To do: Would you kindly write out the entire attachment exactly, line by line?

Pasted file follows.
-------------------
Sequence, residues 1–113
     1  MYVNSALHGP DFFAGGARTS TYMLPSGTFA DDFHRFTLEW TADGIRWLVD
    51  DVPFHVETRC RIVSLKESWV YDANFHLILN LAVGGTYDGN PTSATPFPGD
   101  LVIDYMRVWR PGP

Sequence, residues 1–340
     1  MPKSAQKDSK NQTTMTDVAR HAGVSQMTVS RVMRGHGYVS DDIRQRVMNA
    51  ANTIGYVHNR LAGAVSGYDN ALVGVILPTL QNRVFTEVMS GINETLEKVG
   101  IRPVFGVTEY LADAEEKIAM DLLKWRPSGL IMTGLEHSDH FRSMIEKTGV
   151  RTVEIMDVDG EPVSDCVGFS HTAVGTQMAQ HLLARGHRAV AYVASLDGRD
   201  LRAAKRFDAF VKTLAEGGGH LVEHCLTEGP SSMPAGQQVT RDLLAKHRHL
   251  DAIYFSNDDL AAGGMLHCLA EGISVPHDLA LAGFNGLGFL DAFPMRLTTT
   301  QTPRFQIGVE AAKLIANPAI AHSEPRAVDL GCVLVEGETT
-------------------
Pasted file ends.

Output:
Sequence, residues 1–113
     1  MYVNSALHGP DFFAGGARTS TYMLPSGTFA DDFHRFTLEW TADGIRWLVD
    51  DVPFHVETRC RIVSLKESWV YDANFHLILN LAVGGTYDGN PTSATPFPGD
   101  LVIDYMRVWR PGP

Sequence, residues 1–340
     1  MPKSAQKDSK NQTTMTDVAR HAGVSQMTVS RVMRGHGYVS DDIRQRVMNA
    51  ANTIGYVHNR LAGAVSGYDN ALVGVILPTL QNRVFTEVMS GINETLEKVG
   101  IRPVFGVTEY LADAEEKIAM DLLKWRPSGL IMTGLEHSDH FRSMIEKTGV
   151  RTVEIMDVDG EPVSDCVGFS HTAVGTQMAQ HLLARGHRAV AYVASLDGRD
   201  LRAAKRFDAF VKTLAEGGGH LVEHCLTEGP SSMPAGQQVT RDLLAKHRHL
   251  DAIYFSNDDL AAGGMLHCLA EGISVPHDLA LAGFNGLGFL DAFPMRLTTT
   301  QTPRFQIGVE AAKLIANPAI AHSEPRAVDL GCVLVEGETT